"This is well-researched and sympathetic history, a slice of Americana worth knowing."—The Seattle Times

"A valuable window into a long-underreported dimension of African-American history."—Newsday

"Rescuing an icon from the edge of oblivion is no easy task; making room for him in the collective memory is harder still. But revealing his profound influence on our social and cultural institutions today requires insight and imagination. Larry Tye has both."—San Francisco Chronicle

"Drawing upon extensive and meticulous research—as well as in-depth interviews with 40 or so former porters and their families—[Tye] depicts the absorbing saga of the Pullman porter, a story firmly rooted in the dynamic growth of the American railroad in the years following the Civil War . . . Tye makes a compelling case for the intricate connections between the porters' struggles for economic justice and the quickening pace of the civil rights movement in the 20th century—from the formation of the National Negro Congress in the mid-1930s, to Randolph's threatened 1941 march on Washington, to the 1963 march on Washington and beyond. Throughout, Tye sustains our interest, weaving together several levels of narrative while keeping the stories of ordinary porters squarely at the center. The result is a lively and engaging chronicle that adds yet another dimension to the historical record."—James A. Miller, The Boston Globe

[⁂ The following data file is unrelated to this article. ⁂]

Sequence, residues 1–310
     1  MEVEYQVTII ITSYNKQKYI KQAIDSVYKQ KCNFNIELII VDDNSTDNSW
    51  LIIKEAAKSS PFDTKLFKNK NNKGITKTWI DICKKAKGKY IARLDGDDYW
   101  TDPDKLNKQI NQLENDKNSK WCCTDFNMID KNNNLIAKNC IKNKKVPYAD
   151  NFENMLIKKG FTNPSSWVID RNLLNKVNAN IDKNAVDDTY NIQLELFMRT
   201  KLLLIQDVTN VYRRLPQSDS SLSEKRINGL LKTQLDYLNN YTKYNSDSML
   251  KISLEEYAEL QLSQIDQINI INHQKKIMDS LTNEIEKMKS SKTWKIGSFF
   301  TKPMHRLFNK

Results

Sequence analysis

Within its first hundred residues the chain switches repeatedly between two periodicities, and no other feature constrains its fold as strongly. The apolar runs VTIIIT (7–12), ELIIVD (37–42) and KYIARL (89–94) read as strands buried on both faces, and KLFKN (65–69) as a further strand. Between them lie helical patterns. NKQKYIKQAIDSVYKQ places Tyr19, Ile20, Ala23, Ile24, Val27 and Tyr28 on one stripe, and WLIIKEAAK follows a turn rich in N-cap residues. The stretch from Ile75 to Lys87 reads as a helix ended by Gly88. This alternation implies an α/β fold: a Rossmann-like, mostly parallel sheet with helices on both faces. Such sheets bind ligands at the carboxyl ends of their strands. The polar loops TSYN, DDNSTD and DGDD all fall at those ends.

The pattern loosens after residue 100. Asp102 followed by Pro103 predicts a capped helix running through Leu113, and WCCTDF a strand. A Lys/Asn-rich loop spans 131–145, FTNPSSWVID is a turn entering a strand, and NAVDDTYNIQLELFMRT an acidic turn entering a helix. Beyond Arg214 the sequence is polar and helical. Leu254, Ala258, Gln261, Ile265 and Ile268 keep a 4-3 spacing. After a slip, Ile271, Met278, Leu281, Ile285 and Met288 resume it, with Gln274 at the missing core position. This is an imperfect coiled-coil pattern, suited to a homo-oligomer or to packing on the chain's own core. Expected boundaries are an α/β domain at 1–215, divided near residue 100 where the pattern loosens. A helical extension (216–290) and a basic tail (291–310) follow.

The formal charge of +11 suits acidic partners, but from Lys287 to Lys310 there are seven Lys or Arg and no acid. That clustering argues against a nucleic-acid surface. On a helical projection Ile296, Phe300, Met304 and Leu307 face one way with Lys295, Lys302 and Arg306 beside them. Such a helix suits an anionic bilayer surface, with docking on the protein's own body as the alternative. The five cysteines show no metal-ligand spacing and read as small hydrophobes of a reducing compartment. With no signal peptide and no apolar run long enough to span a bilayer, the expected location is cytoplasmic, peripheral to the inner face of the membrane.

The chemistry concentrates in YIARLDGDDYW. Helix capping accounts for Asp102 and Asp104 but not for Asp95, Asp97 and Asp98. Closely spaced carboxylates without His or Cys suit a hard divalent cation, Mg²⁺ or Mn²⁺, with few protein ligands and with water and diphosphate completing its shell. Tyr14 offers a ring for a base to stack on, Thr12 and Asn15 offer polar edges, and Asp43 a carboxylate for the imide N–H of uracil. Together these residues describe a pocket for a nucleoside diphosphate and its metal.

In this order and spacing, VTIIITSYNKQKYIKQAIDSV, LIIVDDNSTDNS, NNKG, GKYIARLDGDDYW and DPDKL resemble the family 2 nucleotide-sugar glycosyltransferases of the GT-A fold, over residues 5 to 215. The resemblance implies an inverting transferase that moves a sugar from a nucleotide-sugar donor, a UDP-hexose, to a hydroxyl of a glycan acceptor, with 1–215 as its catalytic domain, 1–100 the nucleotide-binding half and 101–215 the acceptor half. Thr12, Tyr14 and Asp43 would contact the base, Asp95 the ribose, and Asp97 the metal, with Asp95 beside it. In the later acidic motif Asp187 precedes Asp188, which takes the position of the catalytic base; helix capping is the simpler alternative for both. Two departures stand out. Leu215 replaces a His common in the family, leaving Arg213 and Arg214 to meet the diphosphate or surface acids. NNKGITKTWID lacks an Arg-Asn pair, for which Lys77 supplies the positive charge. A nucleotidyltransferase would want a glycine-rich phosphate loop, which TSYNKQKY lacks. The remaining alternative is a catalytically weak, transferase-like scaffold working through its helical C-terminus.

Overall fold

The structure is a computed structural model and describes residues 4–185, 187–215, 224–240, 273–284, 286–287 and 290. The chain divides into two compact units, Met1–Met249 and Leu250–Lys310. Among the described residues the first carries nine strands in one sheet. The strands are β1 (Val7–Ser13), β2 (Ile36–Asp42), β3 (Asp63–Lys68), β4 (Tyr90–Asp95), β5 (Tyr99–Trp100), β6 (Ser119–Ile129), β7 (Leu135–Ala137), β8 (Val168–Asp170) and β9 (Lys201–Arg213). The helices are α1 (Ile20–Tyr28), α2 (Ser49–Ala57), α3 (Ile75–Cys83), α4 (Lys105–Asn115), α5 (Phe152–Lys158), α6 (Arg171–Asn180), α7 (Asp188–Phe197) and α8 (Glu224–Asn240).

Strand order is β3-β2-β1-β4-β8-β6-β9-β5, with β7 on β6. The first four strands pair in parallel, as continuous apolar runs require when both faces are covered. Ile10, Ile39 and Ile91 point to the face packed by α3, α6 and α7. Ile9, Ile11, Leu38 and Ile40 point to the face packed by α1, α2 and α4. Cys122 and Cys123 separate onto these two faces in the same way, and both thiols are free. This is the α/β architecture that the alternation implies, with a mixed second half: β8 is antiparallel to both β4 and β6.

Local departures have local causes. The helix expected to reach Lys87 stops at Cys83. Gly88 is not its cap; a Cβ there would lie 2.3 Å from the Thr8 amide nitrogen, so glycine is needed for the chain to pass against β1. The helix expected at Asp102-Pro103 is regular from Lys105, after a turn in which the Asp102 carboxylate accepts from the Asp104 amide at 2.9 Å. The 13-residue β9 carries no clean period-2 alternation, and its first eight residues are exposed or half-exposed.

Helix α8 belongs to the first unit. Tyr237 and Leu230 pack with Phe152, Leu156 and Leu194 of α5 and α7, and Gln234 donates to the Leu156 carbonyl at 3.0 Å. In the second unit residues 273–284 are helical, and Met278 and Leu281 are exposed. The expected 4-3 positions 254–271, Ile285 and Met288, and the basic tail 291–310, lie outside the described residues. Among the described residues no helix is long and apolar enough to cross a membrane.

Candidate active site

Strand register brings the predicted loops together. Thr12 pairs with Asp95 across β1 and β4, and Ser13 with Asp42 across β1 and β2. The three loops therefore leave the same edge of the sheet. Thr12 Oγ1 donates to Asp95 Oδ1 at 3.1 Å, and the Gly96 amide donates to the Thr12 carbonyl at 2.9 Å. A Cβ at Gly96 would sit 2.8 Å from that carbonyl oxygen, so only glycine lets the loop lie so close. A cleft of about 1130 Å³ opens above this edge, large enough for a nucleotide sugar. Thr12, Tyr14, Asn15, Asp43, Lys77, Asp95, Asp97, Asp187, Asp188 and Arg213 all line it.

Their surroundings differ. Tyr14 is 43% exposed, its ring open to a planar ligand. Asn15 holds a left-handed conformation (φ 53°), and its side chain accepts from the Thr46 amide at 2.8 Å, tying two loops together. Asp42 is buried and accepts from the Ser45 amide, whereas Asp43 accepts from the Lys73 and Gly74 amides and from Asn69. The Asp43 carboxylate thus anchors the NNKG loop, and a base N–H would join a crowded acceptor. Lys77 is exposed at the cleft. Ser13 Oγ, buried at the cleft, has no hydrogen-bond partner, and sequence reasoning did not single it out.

"Larry Tye has written a much-deserved love song to the forgotten men of the civil rights and labor movements—the Pullman porters who defeated a major corporation, helped finance numerous civil rights battles, spread news and culture nationwide, and set a high standard for dignity."—Julian Bond, chairman, NAACP Board of Directors

"This is one terrific book. It's a chapter of American history about which few of us know much, and it's a reminder of what life was life for African-Americans in this country, at least until the last few decades. But it's mostly about these men—their courage, their tenacity, and their hopes and dreams for their children and grandchildren. Many of them are no longer with us, but they should and would be rightly proud of how much their kids and grandkids have achieved and how much they have given to this country."—Michael Dukakis, former governor of Massachusetts, former vice-chair of Amtrak Board